Cal Thomas: Bombed in Boston

BY CAL THOMAS Published: April 19, 2013
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President Obama rightly asked us not to “jump to conclusions” about motives or responsibility for the two bombs that exploded Monday at the Boston Marathon, killing three and wounding more than 170.

That request was pre-emptively ignored. Some couldn't wait to project their biases and political agendas on this latest act of terror.

In a tweet Monday, New York Times columnist Nicholas Kristof blamed Senate Republicans for blocking confirmation of a new ATF director. MSNBC's Chris Matthews said, “Normally, domestic terrorists, people, tend to be on the far right …” Peter Bergen, CNN's national security analyst, echoed Matthews on “The Lead” with Jake Tapper.

Blogger Sargent—Rock, responding to Wednesday's lead story in The Washington Post on the bombings, wrote, “The evangelical wing of the Republican Party is a mirror reflection of the Islamic right. Irony that neither knows it.” This comment mirrors those that suggested “talk radio” contributed to the 1995 bombing of the Murrah Federal Building in Oklahoma City.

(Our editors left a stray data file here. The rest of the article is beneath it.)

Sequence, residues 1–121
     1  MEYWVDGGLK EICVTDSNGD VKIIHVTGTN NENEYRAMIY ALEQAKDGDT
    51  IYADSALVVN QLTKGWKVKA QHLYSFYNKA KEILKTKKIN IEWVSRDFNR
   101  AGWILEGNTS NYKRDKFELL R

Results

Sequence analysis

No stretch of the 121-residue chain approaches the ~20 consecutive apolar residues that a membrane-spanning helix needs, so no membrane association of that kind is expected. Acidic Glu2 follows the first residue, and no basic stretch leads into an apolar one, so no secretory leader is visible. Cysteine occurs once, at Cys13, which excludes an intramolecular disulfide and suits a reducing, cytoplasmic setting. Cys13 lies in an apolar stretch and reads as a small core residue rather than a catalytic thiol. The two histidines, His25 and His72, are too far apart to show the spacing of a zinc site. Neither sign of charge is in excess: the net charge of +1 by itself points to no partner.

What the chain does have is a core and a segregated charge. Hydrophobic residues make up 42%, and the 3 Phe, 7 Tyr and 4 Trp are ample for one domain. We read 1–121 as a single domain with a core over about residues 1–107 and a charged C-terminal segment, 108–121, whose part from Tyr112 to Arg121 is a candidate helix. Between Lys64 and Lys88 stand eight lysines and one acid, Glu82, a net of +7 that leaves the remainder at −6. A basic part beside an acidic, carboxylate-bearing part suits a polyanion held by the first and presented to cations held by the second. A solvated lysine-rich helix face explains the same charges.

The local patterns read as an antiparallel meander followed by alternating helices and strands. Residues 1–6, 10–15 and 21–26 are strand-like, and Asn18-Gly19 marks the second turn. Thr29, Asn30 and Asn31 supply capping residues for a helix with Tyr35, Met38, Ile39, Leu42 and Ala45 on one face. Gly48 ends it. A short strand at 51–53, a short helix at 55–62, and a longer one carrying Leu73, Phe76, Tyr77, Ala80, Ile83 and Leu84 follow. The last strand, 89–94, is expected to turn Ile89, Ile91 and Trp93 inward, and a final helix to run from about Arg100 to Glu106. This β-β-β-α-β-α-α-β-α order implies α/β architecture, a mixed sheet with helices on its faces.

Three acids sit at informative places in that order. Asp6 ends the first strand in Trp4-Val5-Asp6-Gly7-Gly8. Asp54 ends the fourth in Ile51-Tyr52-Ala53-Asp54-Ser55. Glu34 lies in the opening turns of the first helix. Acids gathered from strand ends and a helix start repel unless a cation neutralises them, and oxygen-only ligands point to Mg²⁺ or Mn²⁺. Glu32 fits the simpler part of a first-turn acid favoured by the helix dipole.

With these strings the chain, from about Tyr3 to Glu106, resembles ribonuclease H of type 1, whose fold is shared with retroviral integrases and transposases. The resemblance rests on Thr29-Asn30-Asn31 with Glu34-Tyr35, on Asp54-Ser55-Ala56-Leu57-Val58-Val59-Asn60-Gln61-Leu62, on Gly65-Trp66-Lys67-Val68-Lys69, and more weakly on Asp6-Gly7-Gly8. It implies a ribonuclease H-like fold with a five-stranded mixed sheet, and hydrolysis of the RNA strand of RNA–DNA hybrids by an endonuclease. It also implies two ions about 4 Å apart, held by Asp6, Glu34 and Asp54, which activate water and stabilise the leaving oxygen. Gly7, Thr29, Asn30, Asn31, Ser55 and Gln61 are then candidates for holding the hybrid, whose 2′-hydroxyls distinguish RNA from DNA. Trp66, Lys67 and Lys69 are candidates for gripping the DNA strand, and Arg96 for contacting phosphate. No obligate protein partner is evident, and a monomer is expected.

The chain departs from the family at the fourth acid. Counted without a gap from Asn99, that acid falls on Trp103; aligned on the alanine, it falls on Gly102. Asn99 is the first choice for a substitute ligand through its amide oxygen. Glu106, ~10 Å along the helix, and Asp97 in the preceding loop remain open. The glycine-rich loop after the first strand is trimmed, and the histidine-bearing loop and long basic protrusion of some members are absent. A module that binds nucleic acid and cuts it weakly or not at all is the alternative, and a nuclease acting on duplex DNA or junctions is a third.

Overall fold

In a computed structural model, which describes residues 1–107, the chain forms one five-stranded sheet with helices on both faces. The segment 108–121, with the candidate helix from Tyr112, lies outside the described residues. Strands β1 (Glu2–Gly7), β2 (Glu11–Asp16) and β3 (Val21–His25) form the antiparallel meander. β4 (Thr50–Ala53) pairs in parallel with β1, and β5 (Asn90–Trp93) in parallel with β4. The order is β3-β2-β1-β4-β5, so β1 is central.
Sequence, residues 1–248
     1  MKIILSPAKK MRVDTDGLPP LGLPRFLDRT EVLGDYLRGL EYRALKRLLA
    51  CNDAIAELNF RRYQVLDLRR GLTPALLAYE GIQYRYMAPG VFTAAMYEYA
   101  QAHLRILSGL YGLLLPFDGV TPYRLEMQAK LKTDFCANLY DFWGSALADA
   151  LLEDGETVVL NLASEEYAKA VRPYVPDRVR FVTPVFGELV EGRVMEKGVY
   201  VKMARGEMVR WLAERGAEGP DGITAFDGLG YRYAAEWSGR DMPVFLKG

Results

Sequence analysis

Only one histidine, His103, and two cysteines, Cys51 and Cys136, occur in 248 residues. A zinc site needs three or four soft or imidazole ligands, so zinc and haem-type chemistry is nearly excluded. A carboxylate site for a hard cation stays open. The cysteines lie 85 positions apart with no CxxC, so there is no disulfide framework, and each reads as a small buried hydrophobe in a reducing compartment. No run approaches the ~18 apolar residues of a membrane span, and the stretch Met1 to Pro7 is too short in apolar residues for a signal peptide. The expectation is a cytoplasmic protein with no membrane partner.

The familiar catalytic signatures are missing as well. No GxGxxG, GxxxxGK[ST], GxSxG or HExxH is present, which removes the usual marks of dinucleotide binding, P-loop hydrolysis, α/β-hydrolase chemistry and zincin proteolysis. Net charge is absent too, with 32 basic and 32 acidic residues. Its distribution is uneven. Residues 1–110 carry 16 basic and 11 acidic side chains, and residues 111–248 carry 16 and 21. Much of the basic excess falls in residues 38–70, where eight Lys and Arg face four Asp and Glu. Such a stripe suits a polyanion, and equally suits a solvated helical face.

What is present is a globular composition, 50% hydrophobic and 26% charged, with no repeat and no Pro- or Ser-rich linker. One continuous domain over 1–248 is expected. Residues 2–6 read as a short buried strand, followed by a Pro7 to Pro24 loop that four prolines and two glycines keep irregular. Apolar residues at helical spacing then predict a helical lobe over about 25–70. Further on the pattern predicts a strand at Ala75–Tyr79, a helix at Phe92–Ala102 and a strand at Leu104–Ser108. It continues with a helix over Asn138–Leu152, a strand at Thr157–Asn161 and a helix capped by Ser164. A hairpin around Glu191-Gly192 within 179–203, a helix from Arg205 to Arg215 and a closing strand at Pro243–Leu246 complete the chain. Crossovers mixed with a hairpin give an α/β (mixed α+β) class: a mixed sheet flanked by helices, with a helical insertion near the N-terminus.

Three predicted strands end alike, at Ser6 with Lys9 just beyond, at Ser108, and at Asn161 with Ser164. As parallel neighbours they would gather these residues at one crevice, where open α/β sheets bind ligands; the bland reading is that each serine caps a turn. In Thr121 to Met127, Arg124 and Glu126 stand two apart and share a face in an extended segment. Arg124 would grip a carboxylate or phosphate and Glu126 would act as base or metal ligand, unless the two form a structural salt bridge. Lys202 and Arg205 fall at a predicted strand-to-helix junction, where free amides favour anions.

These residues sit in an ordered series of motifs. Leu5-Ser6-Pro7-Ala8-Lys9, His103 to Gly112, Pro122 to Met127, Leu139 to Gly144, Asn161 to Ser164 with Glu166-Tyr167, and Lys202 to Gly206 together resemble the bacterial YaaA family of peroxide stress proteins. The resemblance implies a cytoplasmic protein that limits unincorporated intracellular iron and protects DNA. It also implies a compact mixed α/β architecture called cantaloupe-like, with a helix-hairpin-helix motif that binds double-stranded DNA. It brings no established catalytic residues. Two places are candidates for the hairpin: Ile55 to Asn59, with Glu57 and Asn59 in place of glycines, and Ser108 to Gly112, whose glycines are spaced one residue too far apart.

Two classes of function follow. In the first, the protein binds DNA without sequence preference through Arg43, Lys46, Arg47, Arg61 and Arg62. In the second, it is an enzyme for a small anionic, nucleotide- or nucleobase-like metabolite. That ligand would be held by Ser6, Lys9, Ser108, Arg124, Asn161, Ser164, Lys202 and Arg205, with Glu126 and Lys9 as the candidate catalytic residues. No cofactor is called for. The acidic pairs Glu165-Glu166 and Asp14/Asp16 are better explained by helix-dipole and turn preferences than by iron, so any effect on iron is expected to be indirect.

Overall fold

People ought to be held accountable for their actions, whether they misuse a gun or build a pressure cooker bomb that randomly kills innocent people watching a marathon.

Given the times, the first reaction for some people to such incidents is to suspect Islamic terrorism. Authorities say that “a person of interest,” a 20-year-old student from Saudi Arabia, has been cleared of any responsibility in the attack.

Politics aside, whoever did it and for whatever reason, numerous questions will and should be asked.

Among those questions: Were the bombs placed in trash cans near the finish line? In the aftermath of 9/11, trash cans were removed from airports as a security precaution. Should the same be done at large gatherings? Should people be told to collect their own trash and dispose of it at home, or in receptacles outside the venue?

Would more cameras in Boston have helped identify those responsible? In London, CCTV security cameras are everywhere. In the United States, we're considering deploying drone aircraft equipped with cameras. Would this lead to a further erosion of our privacy and freedoms, as government could then track movements of citizens engaged in innocent activities?

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